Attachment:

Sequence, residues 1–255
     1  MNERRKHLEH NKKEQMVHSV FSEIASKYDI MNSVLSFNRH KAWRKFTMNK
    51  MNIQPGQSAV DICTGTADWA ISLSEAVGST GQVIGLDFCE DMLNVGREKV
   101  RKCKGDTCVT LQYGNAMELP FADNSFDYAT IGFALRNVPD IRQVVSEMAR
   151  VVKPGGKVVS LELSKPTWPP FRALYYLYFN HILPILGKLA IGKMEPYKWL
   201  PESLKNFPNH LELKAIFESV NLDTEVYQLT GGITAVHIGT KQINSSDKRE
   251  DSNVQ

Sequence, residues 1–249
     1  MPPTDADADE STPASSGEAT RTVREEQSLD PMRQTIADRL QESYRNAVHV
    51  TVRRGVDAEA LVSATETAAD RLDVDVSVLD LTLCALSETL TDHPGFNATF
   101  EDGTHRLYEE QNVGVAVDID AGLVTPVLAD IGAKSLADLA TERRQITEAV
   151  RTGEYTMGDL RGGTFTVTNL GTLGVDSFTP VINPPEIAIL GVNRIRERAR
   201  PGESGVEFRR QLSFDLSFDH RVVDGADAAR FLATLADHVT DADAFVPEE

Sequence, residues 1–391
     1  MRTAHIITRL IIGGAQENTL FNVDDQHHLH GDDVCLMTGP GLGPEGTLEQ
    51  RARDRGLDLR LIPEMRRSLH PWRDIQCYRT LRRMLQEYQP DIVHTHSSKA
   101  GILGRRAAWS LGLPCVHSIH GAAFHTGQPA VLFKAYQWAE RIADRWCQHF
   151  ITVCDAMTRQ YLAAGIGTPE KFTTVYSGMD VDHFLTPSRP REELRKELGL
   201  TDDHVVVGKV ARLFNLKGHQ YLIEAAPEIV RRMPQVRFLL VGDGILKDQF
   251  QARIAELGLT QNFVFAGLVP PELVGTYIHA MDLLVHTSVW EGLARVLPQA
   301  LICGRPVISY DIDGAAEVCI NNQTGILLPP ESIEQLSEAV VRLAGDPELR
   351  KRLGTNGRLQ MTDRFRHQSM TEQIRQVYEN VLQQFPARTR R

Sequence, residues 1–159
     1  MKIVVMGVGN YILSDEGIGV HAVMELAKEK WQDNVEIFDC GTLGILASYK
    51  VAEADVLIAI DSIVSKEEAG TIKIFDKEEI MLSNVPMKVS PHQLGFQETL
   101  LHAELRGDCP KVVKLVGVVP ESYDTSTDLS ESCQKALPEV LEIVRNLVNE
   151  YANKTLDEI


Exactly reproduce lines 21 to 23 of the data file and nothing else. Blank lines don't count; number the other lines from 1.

   301  LICGRPVISY DIDGAAEVCI NNQTGILLPP ESIEQLSEAV VRLAGDPELR
   351  KRLGTNGRLQ MTDRFRHQSM TEQIRQVYEN VLQQFPARTR R

Sequence, residues 1–159